Rachel McAdams works through the pain in “The Lucky Ones”

From the Queen of Mean Regina George, to the saucy 1940’s beauty Allie Hamilton, Rachel McAdams is an actress who can generally get me to watch just about anything — even a Rob Schneider movie.

But when I read about her latest release, The Lucky Ones, I worried it would fall into the slew of weird Iraq War movies popping up recently (with really awful, new-metal soundtracks). After watching the trailer, though (which fortunately features a Sarah McLachlan song rather than Kid Rock), I found myself actually wanting to check it out.

McAdams joins a cast including Tim Robbins and Michael Peña as Colee, an injured Iraq War vet heading to Las Vegas to return her boyfriend’s guitar to his family after he dies in the war. She ends up in an impromptu road trip across the country with two strangers, as they all realize that, despite their injuries and absence, the world has gone on without them.

In Roger Ebert’s review of the movie, he points out that McAdams is generally seen as “a hot chick” (see the aforementioned Rob Schneider film, The Hot Chick) or “idealized sweetheart,” but viewers may see her “come into her own” in this film:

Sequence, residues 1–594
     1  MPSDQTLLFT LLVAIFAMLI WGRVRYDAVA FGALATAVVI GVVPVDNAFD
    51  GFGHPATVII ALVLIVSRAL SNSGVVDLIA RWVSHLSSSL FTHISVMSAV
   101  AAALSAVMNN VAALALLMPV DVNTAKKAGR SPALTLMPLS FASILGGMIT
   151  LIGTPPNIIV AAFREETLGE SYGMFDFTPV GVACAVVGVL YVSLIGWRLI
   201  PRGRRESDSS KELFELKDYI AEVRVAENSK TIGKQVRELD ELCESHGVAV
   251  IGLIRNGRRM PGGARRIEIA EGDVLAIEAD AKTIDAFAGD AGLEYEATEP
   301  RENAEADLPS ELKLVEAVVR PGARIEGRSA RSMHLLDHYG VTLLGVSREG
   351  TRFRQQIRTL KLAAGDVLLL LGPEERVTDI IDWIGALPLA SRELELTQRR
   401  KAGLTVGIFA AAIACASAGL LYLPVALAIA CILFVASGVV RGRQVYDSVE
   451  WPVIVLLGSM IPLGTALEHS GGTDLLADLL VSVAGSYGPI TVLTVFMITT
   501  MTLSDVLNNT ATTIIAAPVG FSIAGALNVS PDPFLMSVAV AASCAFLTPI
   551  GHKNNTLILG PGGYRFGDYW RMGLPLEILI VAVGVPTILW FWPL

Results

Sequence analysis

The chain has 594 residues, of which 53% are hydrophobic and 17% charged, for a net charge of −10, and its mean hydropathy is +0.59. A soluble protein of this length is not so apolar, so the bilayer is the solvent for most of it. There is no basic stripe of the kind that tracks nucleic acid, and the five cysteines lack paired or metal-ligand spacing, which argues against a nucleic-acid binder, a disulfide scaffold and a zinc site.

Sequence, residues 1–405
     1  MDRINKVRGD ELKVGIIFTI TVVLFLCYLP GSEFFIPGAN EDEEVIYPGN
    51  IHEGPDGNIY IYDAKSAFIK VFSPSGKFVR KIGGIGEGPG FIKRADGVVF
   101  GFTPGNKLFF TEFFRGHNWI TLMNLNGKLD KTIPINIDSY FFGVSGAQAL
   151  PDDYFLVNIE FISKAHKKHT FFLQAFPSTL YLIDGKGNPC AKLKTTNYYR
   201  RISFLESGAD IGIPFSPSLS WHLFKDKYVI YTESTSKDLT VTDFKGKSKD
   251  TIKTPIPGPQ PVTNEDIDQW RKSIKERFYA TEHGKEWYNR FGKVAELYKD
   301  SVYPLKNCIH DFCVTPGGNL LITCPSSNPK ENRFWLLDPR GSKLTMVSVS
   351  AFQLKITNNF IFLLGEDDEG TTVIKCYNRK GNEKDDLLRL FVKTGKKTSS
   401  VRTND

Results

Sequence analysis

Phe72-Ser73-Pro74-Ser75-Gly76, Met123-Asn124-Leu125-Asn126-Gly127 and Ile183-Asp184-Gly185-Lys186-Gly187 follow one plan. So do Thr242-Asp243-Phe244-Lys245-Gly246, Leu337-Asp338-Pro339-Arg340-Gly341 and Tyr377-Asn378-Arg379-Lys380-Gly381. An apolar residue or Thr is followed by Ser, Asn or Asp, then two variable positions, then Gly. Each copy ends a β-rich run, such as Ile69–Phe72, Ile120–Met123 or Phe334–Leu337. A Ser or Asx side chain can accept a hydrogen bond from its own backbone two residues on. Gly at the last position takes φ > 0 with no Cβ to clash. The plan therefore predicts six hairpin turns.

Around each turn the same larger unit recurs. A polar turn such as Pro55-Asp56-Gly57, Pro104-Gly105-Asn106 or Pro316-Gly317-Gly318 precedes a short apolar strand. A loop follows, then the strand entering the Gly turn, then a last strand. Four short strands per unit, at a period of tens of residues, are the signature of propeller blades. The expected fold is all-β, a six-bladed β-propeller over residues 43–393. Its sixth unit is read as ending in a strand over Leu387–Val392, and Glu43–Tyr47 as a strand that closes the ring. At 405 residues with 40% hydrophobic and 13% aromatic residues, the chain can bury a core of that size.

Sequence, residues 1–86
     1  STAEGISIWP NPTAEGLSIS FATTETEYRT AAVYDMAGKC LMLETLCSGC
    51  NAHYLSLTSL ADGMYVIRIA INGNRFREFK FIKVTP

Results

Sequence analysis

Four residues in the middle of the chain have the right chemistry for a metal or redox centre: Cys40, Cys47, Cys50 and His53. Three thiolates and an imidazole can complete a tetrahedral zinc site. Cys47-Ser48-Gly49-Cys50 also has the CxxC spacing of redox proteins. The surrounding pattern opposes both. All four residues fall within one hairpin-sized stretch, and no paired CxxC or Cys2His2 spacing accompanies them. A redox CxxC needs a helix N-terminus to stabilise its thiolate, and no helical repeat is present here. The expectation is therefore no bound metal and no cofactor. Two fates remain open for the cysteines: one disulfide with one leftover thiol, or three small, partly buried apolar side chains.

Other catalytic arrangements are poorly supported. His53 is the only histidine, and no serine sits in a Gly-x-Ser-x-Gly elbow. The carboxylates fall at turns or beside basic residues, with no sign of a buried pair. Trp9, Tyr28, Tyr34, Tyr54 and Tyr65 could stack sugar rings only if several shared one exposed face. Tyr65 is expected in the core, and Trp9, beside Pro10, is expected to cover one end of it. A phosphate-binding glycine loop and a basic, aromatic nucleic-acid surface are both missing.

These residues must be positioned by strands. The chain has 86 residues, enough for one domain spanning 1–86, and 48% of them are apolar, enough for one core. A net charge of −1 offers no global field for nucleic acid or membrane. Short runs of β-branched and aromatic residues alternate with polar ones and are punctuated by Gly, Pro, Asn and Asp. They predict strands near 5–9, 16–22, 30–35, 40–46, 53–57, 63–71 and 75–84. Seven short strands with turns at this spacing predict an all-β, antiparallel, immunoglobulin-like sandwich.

[In The Lucky Ones] she is feisty, vulnerable, plucky, warm, funny. This is her coming of age as an actress. She provides yet another lesson that you can’t judge acting ability until you see an actor given a chance to really stretch.

The trailer definitely shows some of the feisty. When a girl mocks Colee’s leg injury at a party, she throws quite the punch, and she looks damn good doing it.

Colee wears little to no makeup and rocks plain tank tops. Her Southern drawl and slight limp may be an attempt to make her appear less hot than in previous roles, but it fails miserably. McAdams can wear a poncho and flip-flops and still be smokin’. She pulls off being a “real” American girl more than most actresses can — and she’s Canadian.

The Lucky Ones opens tonight, and I plan on checking it out. It’s the first of the Iraq War movies that seems to focus on the characters’ relationships and not the director’s political agenda. And then there’s that whole McAdams in tank tops thing. That Ryan Gosling is a lucky man.

Have you seen any soldier-after-the-Iraq-War movies that may be worth a view?